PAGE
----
What do you see the role of technology being in the new marketing mix and what implications does this have for marketing as a force for good?
Many marketing departments are strong on the "art" side of marketing and weak on the "science" side of marketing. Yet marketing science is making great strides. My book on Marketing Decision Making describes many technical ways to gather and analyze marketing data and build marketing models. I know companies that use marketing mix models to guide their marketing budget allocation decisions. Companies are increasingly using predictive analysis to estimate the probability of purchase of individual prospects. They are using conjoint analysis to choose the product's features that will optimize profit returns. The Marriott hotel organization used conjoint analysis to design the features of the Courtyard hotels, which was one of the most successful new hotel chains launched.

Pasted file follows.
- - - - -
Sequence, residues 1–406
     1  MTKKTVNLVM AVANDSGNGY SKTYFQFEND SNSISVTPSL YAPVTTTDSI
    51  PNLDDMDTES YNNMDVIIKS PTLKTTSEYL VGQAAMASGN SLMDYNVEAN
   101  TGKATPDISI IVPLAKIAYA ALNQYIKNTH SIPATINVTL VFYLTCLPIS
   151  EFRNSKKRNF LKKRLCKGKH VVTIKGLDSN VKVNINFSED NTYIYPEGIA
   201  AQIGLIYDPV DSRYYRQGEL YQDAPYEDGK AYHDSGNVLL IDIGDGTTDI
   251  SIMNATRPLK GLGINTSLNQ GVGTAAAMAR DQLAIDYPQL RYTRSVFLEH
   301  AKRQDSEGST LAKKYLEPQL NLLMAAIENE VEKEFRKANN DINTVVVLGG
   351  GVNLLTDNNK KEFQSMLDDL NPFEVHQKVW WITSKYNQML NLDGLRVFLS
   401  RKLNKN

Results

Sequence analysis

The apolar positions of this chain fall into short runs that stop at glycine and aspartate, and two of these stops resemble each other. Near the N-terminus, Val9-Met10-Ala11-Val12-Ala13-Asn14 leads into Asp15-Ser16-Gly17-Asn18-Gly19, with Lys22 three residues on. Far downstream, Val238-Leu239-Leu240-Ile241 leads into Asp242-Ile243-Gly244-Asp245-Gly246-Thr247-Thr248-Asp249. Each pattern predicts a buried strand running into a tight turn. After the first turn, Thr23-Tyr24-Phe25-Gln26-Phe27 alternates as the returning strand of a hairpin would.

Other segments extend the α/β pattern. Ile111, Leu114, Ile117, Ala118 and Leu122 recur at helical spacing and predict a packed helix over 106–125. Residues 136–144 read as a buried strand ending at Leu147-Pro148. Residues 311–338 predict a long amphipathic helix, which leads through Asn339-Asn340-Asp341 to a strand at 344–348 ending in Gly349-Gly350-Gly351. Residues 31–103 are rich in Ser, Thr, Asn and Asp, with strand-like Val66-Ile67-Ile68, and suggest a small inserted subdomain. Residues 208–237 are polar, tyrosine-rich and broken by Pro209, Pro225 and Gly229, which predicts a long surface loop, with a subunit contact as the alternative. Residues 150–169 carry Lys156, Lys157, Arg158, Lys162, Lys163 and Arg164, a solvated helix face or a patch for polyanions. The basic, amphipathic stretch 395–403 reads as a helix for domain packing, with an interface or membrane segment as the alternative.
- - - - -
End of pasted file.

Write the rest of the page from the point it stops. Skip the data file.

We should not forget the technology advances that industry is using to improve new product development. 3-D printing allows companies to quickly cast a physical model of a proposed physical product and test it with prospects. Companies are using virtual reality and simulation to test proposed new marketing services.
What is the role of the annual World Marketing Summit that you and others created?
We realized early that marketing cannot only deliver better products and services but can also help to Create a Better World through Marketing. Marketing can help us understand and attack many social problems—poverty, hunger, disease, gender inequality, environmental degradation, poor nutrition and lack of exercise. We need to help poor families in mosquito infested areas to obtain bed nets to cover their children and themselves so they don't contract the dreaded disease of malaria. We need to convince persons in the developed world about moving from unhealthy food high in sugar and salt that is leading to increasing obesity to a healthful food diet of vegetables and fruits and adequate proteins and carbohydrates.
The World Market Summit brings together researchers and experts to share their ideas in public forums about helping achieve the Eight Millennium Development Goals of the United Nations.
What do you consider to be the attributes of a Real Leader?